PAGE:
.. comment SPDX-License-Identifier: CC-BY-SA-4.0
.. comment: Copyright (c) 2018 Chris Johns <firstname.lastname@example.org>
.. comment: All rights reserved.
.. index:: RTEMS Executable
Running executables is the most important part of working with RTEMS, it is
after all how you run your application and use the RTEMS kernel services.
An RTEMS executable is embedded in a target and executing an embedded
executable has challenges not faced when executing software on a desktop or
server computer. A desktop or server operating system kernel provides all the
support needed to bring an executable's code and data into a process's address
space passing control to it and cleaning up when it exits. An embedded target
has to provide similar functionality to execute an embedded executable.
An RTEMS Source Builder (RSB) built RTEMS tool chain is used to create RTEMS
executables. The tool chain executable creates a fixed position statically
linked Extendable Loader Format (ELF) file that contains the RTEMS kernel,
standard libraries, 3rd party libraries and application code. RTEMS executes in
a single address space which means it does not support the ``fork`` or ``exec``
system calls so statically linking all the code is the easiest and best way to
create an executable.
An RTEMS application is constructed vertically with the RTEMS kernel, BSP
support code and drivers close to the hardware, above which sit the RTEMS
Application Programming Interfaces (API) for control of threads, mutex and
other resources an application may use. Middle-ware services like networking,
interpreted languages, and protocol stacks sit between the RTEMS APIs and the
application components. The software built into an executable can be see as a
vertical software stack.
.. figure:: ../../images/user/exe-vert-stack.png
:alt: Vertical Software Stack
Vertical Software Stack
Building an Application
.. index:: Building an Application
RTEMS views any code it is running and using it's interfaces as an
application. RTEMS conforms to a number of international standards such as
POSIX and can build and run portable code written in languages such as C, C++
Applications are built from source into ELF object files, 3rd party packages
can be built as libraries or they can be imported as source into an application
code base. The application, 3rd party packages, RTEMS and standard libraries
are linked to create the RTEMS executable. The executable is transferred to the
target and a bootloader loads it from the non-volatile storage into RAM or the
code is executed in place in the non-volatile storage. The target hardware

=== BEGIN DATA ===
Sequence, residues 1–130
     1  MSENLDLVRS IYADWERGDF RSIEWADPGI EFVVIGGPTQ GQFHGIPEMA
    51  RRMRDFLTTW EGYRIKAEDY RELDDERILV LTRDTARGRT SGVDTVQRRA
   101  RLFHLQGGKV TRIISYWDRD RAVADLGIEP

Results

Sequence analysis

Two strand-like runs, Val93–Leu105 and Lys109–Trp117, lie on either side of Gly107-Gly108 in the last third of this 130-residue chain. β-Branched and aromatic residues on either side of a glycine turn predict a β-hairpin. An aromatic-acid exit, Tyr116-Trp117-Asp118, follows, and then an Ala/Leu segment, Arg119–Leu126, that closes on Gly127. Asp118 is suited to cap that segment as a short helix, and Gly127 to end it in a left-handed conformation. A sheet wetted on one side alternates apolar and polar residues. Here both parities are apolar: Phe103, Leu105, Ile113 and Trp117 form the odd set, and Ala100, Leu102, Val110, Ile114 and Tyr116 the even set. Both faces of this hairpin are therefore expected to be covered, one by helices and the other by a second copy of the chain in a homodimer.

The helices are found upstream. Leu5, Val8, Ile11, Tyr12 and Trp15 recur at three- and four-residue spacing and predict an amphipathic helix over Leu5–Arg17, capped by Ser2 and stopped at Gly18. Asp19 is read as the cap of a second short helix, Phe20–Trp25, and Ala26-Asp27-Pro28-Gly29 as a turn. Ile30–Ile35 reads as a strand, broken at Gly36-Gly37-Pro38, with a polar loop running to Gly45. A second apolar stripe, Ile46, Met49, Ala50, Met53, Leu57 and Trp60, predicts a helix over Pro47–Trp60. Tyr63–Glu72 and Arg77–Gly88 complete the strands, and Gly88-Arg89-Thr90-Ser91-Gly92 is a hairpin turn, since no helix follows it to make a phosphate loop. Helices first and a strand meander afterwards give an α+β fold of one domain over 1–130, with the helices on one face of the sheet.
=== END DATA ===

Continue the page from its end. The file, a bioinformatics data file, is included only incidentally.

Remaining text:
defines what happens.
.. figure:: ../../images/user/exe-app.png
:alt: Building an Application
Building an Application
The standard and 3rd party libraries are a collection of object files built
using the same set of tools the application source is compiled with. The
package collects it's object files into an archive or library.
RTEMS does not provide a standard application build system. The RTEMS ecosystem
provides support so a range of build systems can be used. Applications can be
built with ``make``, ``autotools``, ``cmake``, ``waf`` and more. User should
select a build system that meets their project, system, corporate or personal
Machine Flags and ABI
.. index:: Machine flags
.. index:: Application Binary Interface
.. index:: ABI
All code in an RTEMS executable must be built with the same machine flags. The
machine flags control the instruction set and application binary interface
(ABI) the compiler generates. As the executable is statically linked all code
must use the same instruction set the hardware is configured to support and all
code must conform to the same ABI. Any variation can result in unpredictable
behavior such as crashes, failures or lock ups. It is recommend an executable
is built with the same or equivalent tool set. Mixing of tool set versions can
also result in undefined behavior. The RTEMS tool ``rtems-execinfo`` can audit
an RTEMS executable and list the machine flags and compilers used.
RTEMS by default does not support instruction emulation for unsupported
instructions. RTEMS applications are normally built from source so binary
compatibility is not as important as performance. Instruction emulation is
costly to execute and rebuilding the executable with the correct instruction
set only needs to be done once.